Figure 2. Seasonal changes in paddy soil CO2 fluxes from the ridges in the RNT treatment and from the flat land in the FNT treatment during the 2012-2014 rice growing seasons

Table 1. Changes in mean soil CO2 fluxes from the ridges in the RNT treatment and the flat land in the FNT treatment in 2012-2014/(mg m-2 h-1)

Different small letters in a column mean significant difference at the 5% level. Values are mean ± standard errors

Cumulative CO2 emissions from paddy soils were significantly different between the RNT and FNT treatments (Table 2). The RNT treatment significantly increased the emissions by 44%, 47% and 34% compared with the FNT treatment in 2012, 2013 and 2014, respectively (Table 2).

Table 2. Changes in cumulative CO2 emissions under different NT treatments in 2012-2014/(g m-2)

Different small letters in a column mean significant difference at the 5% level. Values are mean ± standard errors

Therewas significant seasonal variation in DOC contents in the RNT and FNT treatments during the 2012-2014 rice growing seasons (Figure 3). The peaks of DOC contents were found at the tillering stage in three years. Mean DOC contents in the RNT treatment (0.97 g kg−1 in 2012, 0.90 g kg−1 in 2013, and 1.02 g kg−1 in 2014) were 1.11-1.18 times higher than those in the FNT treatment.

Figure 3. Seasonal changes in paddy soil DOC from the ridges in the RNT treatment and from the flat land in the FNT treatment during the 2012-2014 rice growing seasons. DOC, dissolved organic C

Significantlyhigher root and aboveground biomasses were found in the RNT treatment than those in the FNT treatment, whereas no significant difference was observed in the SOC content between the two treatments (Table 3). RNT treatment significantly increased root and aboveground biomasses by 16% and 38% in 2013, and 60% and 35% in 2014 than those in FNT treatment, respectively.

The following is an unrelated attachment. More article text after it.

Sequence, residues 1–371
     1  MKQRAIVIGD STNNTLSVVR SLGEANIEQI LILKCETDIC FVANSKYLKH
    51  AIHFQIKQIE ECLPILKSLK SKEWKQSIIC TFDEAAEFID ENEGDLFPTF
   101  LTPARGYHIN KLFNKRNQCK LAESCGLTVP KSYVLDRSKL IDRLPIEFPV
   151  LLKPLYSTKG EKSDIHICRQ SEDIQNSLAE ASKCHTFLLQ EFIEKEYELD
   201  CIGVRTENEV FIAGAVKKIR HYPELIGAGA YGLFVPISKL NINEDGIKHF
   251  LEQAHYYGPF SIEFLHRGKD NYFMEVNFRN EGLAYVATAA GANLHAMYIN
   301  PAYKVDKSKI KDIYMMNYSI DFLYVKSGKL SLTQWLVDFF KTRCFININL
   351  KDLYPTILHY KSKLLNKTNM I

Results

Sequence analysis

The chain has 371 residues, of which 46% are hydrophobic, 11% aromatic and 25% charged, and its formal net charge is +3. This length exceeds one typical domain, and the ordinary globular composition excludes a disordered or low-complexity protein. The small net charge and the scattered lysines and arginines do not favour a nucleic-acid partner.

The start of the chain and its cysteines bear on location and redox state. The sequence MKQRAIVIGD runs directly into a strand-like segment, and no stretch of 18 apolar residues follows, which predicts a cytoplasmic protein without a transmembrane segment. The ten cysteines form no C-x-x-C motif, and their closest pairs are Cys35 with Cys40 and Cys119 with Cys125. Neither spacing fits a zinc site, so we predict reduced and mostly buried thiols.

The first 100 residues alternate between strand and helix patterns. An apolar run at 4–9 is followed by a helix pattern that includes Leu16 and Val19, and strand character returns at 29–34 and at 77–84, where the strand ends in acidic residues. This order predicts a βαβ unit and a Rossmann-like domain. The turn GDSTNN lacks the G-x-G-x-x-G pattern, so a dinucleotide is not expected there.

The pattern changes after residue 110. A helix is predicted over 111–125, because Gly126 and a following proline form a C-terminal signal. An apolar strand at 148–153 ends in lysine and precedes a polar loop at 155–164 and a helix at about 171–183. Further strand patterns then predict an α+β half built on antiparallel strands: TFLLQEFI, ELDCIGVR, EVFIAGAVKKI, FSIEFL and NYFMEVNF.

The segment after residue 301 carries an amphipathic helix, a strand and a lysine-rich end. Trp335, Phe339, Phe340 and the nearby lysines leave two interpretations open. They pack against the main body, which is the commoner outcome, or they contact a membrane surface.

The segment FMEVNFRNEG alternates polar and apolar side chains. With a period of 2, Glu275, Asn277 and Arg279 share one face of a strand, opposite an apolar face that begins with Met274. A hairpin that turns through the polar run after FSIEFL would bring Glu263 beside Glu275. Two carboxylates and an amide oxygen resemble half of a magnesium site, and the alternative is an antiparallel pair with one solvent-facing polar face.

Table 3. Differences in SOC content, root biomass and aboveground biomass between the ridges in the RNT treatment and the flat land in the FNT treatment at harvesting in 2013 and 2014

Different small letters in a column mean significant difference at the 5% level. SOC, soil organic C; DOC, dissolved organic C. Values are mean ± standard errors

In general, significant relationshipbetween CO2 flux and DOC content was observed (Figure 4), and the r values ranged from 0.728 to 0.911 for the RNT treatment and from 0.646 to 0.894 for the FNT treatment. In addition, cumulative CO2 emissions were significantly and positively correlated with root and aboveground biomasses (Figures 5 and 6).

Figure 4. Linear correlations between CO2 flux and DOC content under different treatments. DOC, dissolved organic C

Figure 5. Linear correlations between cumulative CO2 emissions and aboveground biomass under different treatments

Figure 6. Linear correlations between cumulative CO2 emissions and root biomass under different treatments

4. Discussion

The differences in soil CO2 emissions between NT and conventional flat intensive tillage have been well assessed in dry lands and paddy fields (Patiño-Zúñiga et al., 2009; Li et al., 2013). However, relatively few studies investigated the differences in soil CO2 emissions between RNT and FNT (Patiño-Zúñiga et al., 2009). In the present study, we investigated the effects of RNT and FNT on paddy soil CO2 emissions in central China.

In this study, soil CO2 fluxes peaked at the tillering stage (Figure 2), because of the increased substrates derived from root exudation and microbial decomposition of the remaining residues from previous crops (Li et al., 2013).